versão impressa ISSN 0120-8705
CES Med. v.23 n.2 Medellín jul./dez. 2009
REPORTE DE CASO
Terminal ileum perforation secondary to an impacted phytobezoar: case report and review of the literature
Perforación del ileon terminal por un fitobezoar impactado: reporte de caso
HEINZ GEORG HILLER1, MUSTAFAH RASHID ELAH ABDEL-HALIM,2 NICHOLAS RAUL FERNANDO LAGATOLLA3
1 Vascular surgeon at the Fundación Cardioinfantil, BogotáColombia. email@example.com
2 Surgical registrar at Department of General and Vascular Surgery. Dorset County Hospital, UK
3 Consultant Vascular Surgeon at Department of General and Vascular Surgery Dorset County Hospital, UK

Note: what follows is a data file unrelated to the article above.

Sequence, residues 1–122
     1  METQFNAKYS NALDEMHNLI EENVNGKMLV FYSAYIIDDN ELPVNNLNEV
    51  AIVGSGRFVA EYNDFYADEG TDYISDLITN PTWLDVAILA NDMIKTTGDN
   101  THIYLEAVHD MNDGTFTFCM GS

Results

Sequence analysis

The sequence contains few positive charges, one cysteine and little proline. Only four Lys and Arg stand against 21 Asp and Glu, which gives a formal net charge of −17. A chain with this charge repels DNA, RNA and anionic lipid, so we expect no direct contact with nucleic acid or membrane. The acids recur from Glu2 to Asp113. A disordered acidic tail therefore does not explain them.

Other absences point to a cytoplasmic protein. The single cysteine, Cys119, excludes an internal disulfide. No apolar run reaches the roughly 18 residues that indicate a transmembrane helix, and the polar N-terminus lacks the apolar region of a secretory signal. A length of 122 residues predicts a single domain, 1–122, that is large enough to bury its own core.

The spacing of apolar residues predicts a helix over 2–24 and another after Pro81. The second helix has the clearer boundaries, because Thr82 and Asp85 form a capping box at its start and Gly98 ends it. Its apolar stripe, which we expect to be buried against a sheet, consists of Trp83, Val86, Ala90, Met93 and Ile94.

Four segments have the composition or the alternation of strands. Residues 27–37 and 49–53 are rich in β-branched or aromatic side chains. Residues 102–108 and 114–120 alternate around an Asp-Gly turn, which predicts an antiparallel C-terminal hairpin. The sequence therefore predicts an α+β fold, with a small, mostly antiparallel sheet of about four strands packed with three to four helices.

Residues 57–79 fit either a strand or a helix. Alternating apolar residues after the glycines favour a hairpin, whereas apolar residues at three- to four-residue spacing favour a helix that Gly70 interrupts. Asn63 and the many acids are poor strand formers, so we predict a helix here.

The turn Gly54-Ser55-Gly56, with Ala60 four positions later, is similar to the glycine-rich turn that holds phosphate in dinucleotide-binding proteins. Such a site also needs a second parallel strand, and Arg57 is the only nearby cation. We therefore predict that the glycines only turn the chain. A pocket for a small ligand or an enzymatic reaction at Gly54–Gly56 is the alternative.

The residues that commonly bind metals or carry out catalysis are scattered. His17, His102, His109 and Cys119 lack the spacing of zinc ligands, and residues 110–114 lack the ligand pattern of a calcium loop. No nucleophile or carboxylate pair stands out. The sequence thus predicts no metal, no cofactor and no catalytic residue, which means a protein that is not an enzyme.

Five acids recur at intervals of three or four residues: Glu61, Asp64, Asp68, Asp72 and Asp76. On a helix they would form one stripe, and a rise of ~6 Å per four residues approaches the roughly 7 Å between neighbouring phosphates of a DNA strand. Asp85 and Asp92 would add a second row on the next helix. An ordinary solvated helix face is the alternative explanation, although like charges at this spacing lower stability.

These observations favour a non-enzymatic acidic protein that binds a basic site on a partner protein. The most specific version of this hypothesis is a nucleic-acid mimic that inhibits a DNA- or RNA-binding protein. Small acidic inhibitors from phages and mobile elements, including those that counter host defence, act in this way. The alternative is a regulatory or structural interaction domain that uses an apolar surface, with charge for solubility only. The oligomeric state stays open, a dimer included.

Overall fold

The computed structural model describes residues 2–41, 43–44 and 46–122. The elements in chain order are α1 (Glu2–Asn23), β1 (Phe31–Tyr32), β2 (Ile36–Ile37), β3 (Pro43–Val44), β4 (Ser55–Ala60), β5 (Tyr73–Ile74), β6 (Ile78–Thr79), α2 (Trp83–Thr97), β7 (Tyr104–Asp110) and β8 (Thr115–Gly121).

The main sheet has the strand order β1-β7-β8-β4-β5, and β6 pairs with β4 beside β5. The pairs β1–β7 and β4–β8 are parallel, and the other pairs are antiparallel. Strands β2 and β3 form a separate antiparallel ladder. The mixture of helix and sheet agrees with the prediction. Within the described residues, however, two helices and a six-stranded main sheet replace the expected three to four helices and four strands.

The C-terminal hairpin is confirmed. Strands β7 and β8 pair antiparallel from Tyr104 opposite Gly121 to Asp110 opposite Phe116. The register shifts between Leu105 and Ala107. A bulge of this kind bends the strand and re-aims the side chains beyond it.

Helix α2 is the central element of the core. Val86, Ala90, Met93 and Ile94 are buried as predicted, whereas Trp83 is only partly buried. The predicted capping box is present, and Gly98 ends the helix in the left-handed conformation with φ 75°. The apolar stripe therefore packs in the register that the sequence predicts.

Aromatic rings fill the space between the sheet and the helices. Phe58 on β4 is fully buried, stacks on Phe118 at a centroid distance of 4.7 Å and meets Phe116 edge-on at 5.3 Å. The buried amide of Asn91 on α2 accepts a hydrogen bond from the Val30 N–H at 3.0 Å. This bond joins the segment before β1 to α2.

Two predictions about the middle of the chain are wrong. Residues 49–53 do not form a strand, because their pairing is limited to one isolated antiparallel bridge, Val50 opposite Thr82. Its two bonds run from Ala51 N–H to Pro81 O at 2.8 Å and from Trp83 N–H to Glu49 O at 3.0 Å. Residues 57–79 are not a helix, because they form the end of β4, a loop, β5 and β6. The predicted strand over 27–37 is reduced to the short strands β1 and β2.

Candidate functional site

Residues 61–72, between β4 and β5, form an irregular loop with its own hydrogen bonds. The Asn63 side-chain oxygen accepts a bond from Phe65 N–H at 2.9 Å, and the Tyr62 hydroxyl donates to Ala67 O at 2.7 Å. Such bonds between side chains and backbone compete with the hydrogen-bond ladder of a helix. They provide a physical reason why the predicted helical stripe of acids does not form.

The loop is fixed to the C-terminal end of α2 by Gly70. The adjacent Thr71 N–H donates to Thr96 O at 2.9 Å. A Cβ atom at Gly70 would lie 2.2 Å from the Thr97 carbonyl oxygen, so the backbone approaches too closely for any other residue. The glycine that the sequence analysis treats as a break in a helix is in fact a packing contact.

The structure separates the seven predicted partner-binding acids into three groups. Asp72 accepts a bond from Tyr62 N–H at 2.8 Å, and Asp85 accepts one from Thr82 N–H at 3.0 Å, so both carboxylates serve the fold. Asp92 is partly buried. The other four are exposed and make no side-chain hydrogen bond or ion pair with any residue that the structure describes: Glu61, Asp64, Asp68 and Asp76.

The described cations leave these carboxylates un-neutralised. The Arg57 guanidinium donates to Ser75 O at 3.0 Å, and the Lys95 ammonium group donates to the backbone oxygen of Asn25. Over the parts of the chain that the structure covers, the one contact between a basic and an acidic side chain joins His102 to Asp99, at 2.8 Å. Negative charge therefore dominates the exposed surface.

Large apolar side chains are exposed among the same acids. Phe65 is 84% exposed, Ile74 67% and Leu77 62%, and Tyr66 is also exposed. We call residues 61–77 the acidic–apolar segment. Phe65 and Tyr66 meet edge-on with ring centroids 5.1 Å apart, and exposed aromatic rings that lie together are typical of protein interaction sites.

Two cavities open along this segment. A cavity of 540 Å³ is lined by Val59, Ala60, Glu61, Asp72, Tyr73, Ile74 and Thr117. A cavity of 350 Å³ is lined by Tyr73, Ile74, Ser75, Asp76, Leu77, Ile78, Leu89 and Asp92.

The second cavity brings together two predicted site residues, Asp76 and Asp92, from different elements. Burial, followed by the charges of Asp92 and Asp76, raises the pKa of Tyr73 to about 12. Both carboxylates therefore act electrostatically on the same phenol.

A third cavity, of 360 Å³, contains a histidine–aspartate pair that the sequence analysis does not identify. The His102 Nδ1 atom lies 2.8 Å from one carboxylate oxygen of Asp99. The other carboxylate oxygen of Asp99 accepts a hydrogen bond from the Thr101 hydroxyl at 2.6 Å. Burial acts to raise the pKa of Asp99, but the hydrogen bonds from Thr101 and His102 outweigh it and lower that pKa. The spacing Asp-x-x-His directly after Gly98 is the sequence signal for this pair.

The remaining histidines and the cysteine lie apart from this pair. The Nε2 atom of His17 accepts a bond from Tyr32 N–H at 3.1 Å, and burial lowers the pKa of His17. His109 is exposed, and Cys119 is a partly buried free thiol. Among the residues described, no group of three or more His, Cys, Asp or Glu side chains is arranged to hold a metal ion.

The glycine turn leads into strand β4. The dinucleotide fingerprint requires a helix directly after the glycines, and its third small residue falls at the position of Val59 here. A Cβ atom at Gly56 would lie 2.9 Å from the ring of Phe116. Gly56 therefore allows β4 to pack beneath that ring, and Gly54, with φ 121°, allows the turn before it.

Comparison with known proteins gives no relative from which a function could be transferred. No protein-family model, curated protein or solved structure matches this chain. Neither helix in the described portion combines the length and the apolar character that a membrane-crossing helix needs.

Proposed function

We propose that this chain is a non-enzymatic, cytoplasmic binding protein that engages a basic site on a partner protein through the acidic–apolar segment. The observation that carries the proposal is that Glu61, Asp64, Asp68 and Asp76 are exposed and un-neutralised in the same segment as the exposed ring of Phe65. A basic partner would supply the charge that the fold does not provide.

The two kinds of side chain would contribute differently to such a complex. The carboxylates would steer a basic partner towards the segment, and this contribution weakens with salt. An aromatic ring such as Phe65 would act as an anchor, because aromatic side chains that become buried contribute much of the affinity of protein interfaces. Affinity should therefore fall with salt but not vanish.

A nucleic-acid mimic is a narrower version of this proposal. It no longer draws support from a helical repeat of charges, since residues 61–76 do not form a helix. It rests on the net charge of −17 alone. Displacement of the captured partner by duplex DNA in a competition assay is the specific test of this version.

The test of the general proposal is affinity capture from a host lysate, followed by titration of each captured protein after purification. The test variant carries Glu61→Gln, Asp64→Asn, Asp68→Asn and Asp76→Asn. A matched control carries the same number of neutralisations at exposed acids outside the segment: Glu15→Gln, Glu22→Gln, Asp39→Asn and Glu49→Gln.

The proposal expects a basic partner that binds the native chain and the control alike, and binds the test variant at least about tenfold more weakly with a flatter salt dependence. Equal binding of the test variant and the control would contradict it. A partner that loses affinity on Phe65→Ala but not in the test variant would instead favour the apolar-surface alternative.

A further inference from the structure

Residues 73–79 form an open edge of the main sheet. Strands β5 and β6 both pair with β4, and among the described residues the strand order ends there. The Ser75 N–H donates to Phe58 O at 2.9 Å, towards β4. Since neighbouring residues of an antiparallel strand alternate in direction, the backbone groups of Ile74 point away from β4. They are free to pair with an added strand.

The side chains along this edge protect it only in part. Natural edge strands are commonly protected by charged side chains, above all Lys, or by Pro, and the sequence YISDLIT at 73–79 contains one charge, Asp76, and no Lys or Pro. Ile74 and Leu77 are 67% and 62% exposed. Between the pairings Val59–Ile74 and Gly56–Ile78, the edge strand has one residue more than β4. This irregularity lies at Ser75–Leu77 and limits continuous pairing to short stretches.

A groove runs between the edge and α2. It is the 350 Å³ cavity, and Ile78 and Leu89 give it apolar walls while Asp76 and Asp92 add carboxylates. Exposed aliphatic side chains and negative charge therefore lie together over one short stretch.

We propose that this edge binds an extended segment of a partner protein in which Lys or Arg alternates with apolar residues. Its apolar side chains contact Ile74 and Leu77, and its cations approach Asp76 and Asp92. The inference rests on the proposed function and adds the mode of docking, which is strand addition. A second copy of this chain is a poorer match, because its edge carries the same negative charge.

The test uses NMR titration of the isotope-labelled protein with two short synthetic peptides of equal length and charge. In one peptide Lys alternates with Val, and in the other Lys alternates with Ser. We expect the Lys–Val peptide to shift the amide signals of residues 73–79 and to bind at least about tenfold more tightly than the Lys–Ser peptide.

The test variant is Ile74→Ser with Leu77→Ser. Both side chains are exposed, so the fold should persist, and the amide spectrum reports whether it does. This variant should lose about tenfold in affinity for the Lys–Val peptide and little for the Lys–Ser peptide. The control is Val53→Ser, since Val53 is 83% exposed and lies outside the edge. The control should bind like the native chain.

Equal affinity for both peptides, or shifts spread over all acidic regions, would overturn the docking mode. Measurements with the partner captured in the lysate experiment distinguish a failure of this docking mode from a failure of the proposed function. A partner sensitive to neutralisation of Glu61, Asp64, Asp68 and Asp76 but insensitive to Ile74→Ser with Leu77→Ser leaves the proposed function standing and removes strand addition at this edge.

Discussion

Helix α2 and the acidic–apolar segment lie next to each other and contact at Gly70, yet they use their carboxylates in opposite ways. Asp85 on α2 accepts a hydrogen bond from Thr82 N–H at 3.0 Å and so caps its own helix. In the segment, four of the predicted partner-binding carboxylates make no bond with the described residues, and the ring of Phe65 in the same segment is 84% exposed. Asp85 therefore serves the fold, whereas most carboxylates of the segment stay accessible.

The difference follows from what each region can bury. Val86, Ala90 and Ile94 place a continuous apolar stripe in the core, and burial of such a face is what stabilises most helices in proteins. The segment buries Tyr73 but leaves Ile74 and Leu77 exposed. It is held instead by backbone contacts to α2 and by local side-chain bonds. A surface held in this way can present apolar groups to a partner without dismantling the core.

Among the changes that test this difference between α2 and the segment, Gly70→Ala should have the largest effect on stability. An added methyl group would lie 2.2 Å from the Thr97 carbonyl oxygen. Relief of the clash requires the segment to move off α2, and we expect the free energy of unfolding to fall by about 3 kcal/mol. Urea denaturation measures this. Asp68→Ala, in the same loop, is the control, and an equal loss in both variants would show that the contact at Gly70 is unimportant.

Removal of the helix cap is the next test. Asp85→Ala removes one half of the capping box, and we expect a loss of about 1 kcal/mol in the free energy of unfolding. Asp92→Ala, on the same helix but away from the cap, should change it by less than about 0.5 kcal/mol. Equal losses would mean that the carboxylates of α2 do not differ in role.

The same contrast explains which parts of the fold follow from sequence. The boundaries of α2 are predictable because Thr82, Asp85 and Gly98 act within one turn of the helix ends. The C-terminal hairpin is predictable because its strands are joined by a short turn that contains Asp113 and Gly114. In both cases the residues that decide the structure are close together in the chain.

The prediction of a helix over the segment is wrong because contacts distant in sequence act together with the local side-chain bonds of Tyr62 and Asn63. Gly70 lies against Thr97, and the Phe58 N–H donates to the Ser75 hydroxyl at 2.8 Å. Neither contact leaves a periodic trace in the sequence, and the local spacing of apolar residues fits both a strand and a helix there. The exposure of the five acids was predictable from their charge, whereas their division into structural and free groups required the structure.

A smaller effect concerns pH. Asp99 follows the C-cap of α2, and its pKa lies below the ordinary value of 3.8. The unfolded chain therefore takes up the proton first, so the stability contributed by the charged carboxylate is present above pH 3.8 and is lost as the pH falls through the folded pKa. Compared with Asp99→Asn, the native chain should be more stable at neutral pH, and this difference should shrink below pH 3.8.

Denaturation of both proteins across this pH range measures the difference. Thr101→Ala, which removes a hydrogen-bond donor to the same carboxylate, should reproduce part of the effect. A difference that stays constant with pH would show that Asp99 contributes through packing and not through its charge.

Bezoars are concretions of undigested food particles, medications, milk formulas and hair. The most common presentation of a bezoar is in the form of a phytobezoar, which is caused by precipitation of undigested particles of vegetables and seeds. Small bowel obstruction is mainly caused by adhesions from previous surgery. Of all causes of intestinal obstruction, phytobezoars are responsible for only 0.4-4 % of all causes. They are mainly precipitated by previous strictures caused by surgery, partial gastrectomy, Crohn's disease or intestinal tuberculosis. Symptoms can range from a vague abdominal discomfort to nausea, early satiety, vomiting, halitosis and weight loss. Perforation is a rare complication in an intact abdomen because patients seek early medical treatment before this occurs. We describe the case of an 85 year old male patient, who presented with perforation of the terminal ileum, caused by an impacted phytobezoar and caused a localised abscess that was successfully treated with surgery.